Preaching God's Grand Drama
A Biblical-Theological Approach
How can preachers preach biblically faithful sermons that move listeners to positive action? An author on the cutting edge of contemporary homiletics and theology offers a fresh approach to preaching that helps listeners see themselves as actors in God's grand drama. Ahmi Lee presents a unifying "third way" in homiletical approaches (i.e., theodramatic) that reimagines the preacher's role in relation to the Bible, the congregation, and the world. The book not only helps students understand various preaching models but also is relevant to working preachers who want to critique and improve their approach. Foreword by Mark Labberton.
Foreword Mark Labberton
1. The Traditional Homiletic: Truth Mined, Truth Proclaimed
2. The Conversational Homiletic: Communal Meaning-Making
3. A Critique of the Conversational Homiletic
4. A Dramatic Approach to Theology
5. The Shape of a Theodramatic Homiletic
6. Four Perspectives at Play within a Theodramatic Homiletic
"The sermon is the best weapon in the pastor's arsenal for taking every thought, and our imaginations, captive to Christ, which is why preaching may be the quintessential theological act. But what kind of act is it? Ahmi Lee describes the two prevailing models, didactic and dialogical, and proposes a third model, the dramatic, that preserves the best of the other two (the emphasis on doctrine and life experience, respectively) while avoiding their weaknesses. She rightly sees that the ministry of proclaiming God's Word is an invitation to disciples to enter into the historical drama of Jesus Christ as actors who participate in this story made flesh. Lee's proposal for a theodramatic homiletic provides pastors with the tonic they need to communicate the gospel effectively to our increasingly secularized, disenchanted age."
Kevin J. Vanhoozer, research professor of systematic theology, Trinity Evangelical Divinity School
"Too many homiletics books frustrate their readers with predictable and played out hermeneutical scripts, such as the preacher-as-exalted-interpreter or the preacher-as-humiliated-subject. Thankfully, Ahmi Lee breaks free from these flat and stale patterns of description. Preaching God's Grand Drama offers us a better script, a fresher performance than the typical proposals, one that holds promise for preachers and for preaching both now and in the future."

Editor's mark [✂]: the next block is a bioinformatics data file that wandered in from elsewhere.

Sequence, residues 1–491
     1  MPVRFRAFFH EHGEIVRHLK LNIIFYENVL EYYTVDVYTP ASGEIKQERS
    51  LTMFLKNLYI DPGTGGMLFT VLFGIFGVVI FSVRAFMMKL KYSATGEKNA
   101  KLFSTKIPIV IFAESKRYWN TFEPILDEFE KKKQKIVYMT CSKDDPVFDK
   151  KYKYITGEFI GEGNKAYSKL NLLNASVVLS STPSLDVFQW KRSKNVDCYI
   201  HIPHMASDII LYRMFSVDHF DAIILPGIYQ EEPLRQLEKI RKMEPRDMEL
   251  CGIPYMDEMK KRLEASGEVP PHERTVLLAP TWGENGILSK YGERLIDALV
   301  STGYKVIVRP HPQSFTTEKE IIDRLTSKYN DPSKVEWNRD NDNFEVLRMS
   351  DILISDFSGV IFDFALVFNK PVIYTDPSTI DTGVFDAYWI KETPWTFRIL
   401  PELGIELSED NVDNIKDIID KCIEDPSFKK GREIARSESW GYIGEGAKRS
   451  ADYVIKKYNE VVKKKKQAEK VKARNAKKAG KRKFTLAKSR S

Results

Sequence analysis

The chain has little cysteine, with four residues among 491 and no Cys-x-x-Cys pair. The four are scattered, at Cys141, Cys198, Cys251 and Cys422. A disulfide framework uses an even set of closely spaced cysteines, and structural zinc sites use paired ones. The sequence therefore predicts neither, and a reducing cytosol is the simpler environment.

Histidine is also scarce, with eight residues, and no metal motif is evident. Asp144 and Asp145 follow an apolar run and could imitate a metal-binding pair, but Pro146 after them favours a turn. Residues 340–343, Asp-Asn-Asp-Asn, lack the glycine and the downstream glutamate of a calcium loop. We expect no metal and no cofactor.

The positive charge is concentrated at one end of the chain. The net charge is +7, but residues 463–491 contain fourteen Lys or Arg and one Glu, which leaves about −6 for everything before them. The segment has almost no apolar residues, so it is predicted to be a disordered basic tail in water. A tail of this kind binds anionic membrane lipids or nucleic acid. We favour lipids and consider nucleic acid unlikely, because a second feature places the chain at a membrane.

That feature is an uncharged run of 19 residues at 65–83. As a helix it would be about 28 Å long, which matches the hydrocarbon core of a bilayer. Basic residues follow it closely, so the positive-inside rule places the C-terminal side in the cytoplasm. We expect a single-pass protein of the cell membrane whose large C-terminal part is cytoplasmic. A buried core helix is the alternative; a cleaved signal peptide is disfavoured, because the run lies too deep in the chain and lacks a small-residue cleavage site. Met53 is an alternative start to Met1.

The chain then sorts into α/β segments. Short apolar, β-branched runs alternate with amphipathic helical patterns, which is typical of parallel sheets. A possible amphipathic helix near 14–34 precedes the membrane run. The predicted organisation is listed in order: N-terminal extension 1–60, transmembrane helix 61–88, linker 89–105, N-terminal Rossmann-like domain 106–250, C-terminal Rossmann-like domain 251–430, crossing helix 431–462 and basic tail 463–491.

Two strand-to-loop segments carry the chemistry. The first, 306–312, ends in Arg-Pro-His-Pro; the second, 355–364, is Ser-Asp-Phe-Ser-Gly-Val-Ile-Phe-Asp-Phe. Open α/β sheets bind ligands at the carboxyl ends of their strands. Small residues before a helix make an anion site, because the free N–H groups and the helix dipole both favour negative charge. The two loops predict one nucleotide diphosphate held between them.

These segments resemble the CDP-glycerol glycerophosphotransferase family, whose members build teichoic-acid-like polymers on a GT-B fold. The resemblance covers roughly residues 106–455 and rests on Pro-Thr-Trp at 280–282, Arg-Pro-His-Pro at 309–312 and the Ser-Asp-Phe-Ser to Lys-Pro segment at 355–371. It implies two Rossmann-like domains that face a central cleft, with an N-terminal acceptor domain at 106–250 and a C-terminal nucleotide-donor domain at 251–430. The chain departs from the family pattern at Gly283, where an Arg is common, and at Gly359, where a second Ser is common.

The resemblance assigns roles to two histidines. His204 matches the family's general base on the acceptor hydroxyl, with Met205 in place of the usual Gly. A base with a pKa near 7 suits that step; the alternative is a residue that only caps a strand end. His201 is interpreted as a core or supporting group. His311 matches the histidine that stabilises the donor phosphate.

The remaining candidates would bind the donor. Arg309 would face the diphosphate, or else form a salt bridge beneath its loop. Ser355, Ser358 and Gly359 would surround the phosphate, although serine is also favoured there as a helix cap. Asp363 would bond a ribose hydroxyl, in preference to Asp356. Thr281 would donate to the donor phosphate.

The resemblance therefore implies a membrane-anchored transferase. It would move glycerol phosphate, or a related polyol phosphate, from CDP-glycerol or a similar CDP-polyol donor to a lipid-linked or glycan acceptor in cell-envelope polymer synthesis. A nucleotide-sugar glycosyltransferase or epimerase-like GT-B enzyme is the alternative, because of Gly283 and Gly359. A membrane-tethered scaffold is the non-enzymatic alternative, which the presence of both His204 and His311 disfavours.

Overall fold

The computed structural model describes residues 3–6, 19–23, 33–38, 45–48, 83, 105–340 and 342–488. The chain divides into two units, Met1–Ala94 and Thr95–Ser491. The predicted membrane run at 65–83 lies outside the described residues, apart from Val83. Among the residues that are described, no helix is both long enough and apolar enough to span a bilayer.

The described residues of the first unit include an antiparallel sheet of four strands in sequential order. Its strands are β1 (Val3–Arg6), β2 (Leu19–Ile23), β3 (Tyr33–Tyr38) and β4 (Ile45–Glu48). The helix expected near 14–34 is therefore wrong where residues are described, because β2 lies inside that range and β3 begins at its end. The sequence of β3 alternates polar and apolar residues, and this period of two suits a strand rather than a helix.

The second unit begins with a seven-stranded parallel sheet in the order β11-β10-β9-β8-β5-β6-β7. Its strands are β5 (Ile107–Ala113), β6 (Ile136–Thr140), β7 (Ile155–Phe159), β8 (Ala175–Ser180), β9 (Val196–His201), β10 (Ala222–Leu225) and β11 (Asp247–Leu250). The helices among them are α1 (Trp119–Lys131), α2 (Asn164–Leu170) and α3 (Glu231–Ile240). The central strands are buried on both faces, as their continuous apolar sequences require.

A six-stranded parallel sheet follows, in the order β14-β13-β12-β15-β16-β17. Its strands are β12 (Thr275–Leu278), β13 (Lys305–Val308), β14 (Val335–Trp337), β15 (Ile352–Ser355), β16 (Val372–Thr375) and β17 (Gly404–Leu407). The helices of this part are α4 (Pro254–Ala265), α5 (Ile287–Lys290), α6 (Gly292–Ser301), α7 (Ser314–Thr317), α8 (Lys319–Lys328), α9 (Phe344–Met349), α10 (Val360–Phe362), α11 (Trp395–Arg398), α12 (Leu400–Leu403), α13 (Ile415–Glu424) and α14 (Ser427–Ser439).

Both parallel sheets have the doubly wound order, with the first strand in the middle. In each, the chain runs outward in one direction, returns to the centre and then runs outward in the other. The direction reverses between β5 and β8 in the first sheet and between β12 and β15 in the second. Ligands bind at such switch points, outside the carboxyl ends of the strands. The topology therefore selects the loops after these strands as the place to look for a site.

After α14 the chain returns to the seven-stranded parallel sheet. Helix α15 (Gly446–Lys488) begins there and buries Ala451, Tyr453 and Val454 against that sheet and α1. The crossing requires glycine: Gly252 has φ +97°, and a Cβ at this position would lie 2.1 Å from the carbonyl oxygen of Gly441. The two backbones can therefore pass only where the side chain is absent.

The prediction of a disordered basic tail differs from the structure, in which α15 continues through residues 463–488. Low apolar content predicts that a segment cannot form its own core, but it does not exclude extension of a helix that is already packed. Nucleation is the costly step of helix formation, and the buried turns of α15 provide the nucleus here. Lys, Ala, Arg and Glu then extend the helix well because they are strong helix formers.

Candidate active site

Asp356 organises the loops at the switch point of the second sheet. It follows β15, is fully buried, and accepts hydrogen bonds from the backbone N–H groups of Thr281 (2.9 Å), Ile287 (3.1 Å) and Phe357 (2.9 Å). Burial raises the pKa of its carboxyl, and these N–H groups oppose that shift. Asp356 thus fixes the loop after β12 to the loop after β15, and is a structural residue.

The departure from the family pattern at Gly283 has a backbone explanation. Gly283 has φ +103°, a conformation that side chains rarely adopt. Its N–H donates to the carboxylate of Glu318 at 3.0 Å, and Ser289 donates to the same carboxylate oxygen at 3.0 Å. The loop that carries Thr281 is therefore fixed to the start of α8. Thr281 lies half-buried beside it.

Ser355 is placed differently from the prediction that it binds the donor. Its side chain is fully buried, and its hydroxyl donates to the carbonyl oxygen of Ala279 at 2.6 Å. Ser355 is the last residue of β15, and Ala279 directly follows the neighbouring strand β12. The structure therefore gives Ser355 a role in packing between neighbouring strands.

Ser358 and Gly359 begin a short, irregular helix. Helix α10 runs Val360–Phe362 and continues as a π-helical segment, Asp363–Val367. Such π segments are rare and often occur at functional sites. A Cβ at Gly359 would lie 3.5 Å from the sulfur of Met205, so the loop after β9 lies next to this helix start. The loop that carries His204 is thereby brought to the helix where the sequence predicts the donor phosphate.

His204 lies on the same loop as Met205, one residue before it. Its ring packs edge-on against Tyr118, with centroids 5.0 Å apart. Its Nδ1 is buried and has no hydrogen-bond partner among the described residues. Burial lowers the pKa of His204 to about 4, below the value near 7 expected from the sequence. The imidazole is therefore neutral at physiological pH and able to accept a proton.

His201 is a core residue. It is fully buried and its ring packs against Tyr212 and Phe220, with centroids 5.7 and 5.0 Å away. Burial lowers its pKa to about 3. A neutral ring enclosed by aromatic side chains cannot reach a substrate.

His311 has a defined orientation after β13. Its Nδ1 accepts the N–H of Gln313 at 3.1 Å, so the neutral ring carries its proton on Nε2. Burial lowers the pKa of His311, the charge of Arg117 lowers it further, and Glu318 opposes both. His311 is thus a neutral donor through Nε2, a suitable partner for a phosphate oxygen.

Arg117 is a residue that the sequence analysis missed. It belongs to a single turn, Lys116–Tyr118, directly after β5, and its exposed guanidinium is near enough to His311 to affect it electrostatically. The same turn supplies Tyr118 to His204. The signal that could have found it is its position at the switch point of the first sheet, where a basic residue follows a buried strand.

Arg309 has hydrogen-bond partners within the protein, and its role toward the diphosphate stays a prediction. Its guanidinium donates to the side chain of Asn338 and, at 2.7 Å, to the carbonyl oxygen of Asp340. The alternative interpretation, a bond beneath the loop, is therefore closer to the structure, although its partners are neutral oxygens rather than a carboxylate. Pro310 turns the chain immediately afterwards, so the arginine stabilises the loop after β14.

Jared E. Alcántara, associate professor of preaching, Truett Theological Seminary, Baylor University; author of The Practices of Christian Preaching
"Ahmi Lee has provided us with a fresh way of looking at the task of preaching. She calls us to acknowledge the 'theodramatic' nature of God's work and our work in proclaiming the Word. For preachers who are weary of having to choose either 'textual' or 'topical' preaching, Preaching God's Grand Drama offers a profoundly rich vision that will inform and inspire an alternative way of seeing that stretches the homiletical imagination to more theologically fitting dimensions. This book is a wonderful example of the kind of integrative thinking we urgently need to practice as preachers and teachers of preaching. I hope it will be widely read."
Michael Pasquarello III, Beeson Professor of Methodist Divinity, director of the Robert Smith Jr. Preaching Institute, Beeson Divinity School, Samford University
"Pioneering new homiletical territory, Ahmi Lee's Preaching God's Grand Drama invites propositional preachers and conversational preachers to explore their respective sermonic philosophies and methodologies. Well written and insightful, Lee's book presents an intriguing 'third way,' explaining the art and craft of preaching that will meet and greet a wide spectrum of twenty-first-century listeners seated in the pews."
Matthew D. Kim, associate professor of preaching and ministry, Gordon-Conwell Theological Seminary; author of Preaching with Cultural Intelligence
"Ahmi Lee's vision of theodramatic preaching presents a lively and artful middle way between propositional and conversational preaching. By centering on an encounter with God in both the sermon and the world, Lee proposes a homiletic that encourages preachers to offer an essential balm for our wounded times."
Paul Scott Wilson, professor of homiletics, Emmanuel College, University of Toronto
"In an effort to be serious about the Bible as the source of doctrinal truths, have we missed the forest for the trees? Have we atomized Scripture into so many disparate ideas that we have missed its central unifying drama? Ahmi Lee thinks so and wants to encourage pastors to preach the Bible as narrating a single dramatic story in which we are all characters as we dwell in Christ. The Bible narrates a cracking good story. And it is our story! Lee helps preachers perform this grand narrative in ways that will transform everyday lives in the light of God's ongoing dramatic actions in the world."
Scott Hoezee, director, The Center for Excellence in Preaching, Calvin Theological Seminary
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